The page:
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Catalpa speciosa flowers, leaf and bark
Scientific classification e
Kingdom: Plantae
Clade: Angiosperms
Clade: Eudicots
Clade: Asterids
Order: Lamiales
Family: Bignoniaceae
Tribe: Tecomeae
Genus: Catalpa

See text

Catalpa, commonly called catalpa or catawba, is a genus of flowering plants in the family Bignoniaceae, native to warm temperate and subtropical regions of North America, the Caribbean, and East Asia.


Mostly deciduous trees, they typically grow to 12–18 metres (40–60 ft) tall and 6–12 metres (20–40 ft) wide. A 10-year-old sapling stands about 6 metres (20 ft) tall. They can be recognized by their large, heart-shaped to three-lobed leaves, showy white or yellow flowers in broad panicles. In the autumn they bear 20–50 centimetres (8–20 in) long fruits that resemble a slender bean pod full of small flat seeds, each with two thin wings to aid in wind dispersal. Because of the leaves, they are sometimes confused with the tung tree (Vernicia fordii) in the southern U.S., or the invasive Paulownia tomentosa from China.

Due to their large leaf size, catalpas are a popular habitat for many birds, providing them good shelter from rain and wind. These trees have few limb droppage, but drop large dark-brown bean pods during late summer. The wood of catalpas is quite soft.[1]

Most Catalpas begin flowering after roughly 3 years, and produce seed pods after approximately 5 years.[citation needed] Although haitian catalpa (Catalpa longissima) can flower after 6 months growth from seed and produce seed after 18 months.[2]


The two North American species, Catalpa bignonioides (southern catalpa) and Catalpa speciosa (northern catalpa), have been widely planted outside their natural ranges as ornamental trees for their showy flowers and attractive shape, or growing habit. Northern and southern catalpas are very similar in appearance, but the northern species has slightly larger leaves, flowers, and bean pods. Flowering starts after 275 growing degree days. Catalpa ovata from China, with pale yellow flowers, is also planted outside its natural range for ornamental purposes.

Beanpods and leaf details of the northern catalpa


The name derives from the Muscogee name for the tree, "kutuhlpa" meaning "winged head" and is unrelated to the name of the Catawba people.[3][4] The spellings "Catalpa" and "Catalpah" were used by Mark Catesby between 1729 and 1732, and Carl Linnaeus published the tree's name as Bignonia catalpa in 1753.[5][6] Giovanni Antonio Scopoli established the genus Catalpa in 1777.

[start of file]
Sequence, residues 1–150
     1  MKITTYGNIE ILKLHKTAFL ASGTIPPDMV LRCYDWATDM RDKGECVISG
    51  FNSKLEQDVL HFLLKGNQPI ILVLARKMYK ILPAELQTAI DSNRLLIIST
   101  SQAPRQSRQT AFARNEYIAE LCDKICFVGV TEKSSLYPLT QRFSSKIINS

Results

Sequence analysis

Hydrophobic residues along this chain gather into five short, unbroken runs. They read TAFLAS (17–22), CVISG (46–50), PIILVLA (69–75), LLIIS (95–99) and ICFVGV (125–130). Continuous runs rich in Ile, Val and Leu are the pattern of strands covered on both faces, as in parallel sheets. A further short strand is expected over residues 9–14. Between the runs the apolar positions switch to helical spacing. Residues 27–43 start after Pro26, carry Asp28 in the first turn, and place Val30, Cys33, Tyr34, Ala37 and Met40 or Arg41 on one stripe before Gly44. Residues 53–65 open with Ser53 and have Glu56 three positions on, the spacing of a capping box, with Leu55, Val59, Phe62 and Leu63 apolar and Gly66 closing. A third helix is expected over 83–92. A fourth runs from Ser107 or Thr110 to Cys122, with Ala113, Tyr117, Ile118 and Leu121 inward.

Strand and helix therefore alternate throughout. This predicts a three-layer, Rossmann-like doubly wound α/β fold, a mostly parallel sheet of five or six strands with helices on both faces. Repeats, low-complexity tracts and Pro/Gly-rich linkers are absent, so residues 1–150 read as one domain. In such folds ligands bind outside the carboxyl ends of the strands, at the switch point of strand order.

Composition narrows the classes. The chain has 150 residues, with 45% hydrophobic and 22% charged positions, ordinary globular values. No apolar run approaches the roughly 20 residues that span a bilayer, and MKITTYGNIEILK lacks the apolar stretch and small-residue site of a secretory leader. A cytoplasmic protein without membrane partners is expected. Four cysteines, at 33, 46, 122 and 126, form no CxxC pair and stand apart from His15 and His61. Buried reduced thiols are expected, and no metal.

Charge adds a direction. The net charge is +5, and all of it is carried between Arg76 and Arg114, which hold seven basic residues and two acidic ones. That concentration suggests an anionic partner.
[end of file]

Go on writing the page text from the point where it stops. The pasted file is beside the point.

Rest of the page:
The bean-like seed pod is the origin of the alternative vernacular names Indian bean tree and cigar tree for Catalpa bignonioides and Catalpa speciosa, respectively.

The catalpa tree in Reading, Berkshire, England

Food source[edit]

The tree is the sole source of food for the catalpa sphinx moth (Ceratomia catalpae), the leaves being eaten by the caterpillars. When caterpillars are numerous, infested trees may be completely defoliated. Defoliated catalpas produce new leaves readily, but with multiple generations occurring, new foliage may be consumed by subsequent broods. Severe defoliation over several consecutive years can cause death of trees. Because the caterpillars are an excellent live bait for fishing, some dedicated anglers plant catalpa mini-orchards for their own private source of "catawba-worms", particularly in the southern states.[7]

Autumn foliage

Other uses[edit]

Catalpa is also occasionally used as a tonewood in guitars.

Selected species[edit]


  1. ^ Maroni, Kristi; Sarah Domville (2003-12-04). "Catalpa Tree". Tree Walk. Nazareth College of Rochester. Archived from the original on 2008-12-10. Retrieved 2009-04-30.
  2. ^ F. T. Bonner The Woody Plant Seed Manual, p. 345, at Google Books
  3. ^ Gerard, William R. Plant names of Indian origin_II. Garden and Forest. volume 9, no. 436. page 262. (1896).[1]
  4. ^ Cassidy, Fred. Lemmatization—The case of "Catalpa". in McIntosh, Language Form and Linguistic Variation: Papers Dedicated to Angus McIntosh. Amsterdam : Benjamins, 1982. Current issues in linguistic theory, 15.
  5. ^ Catesby, Mark.The natural history of Carolina, Florida and the Bahama Islands. volume 1. page and plate 49. [2]
  6. ^ Linne, Carolus von Linne. Species Plantarum. 1st edition. 1753. volume 2. page 622 [3]
  7. ^ Hyche, L. L., "The Catalpa Sphinx" Department of Entomology Auburn University, Retrieved on 2009, 05-16.
  8. ^ "Species Records of Catalpa". ARS, National Genetic Resources Program, GRIN. USDA . Archived from the original on January 20, 2009. Retrieved August 19, 2009.
  9. ^ "Plant name details for Catalpa ". IPNI. Retrieved August 19, 2009.

External links[edit]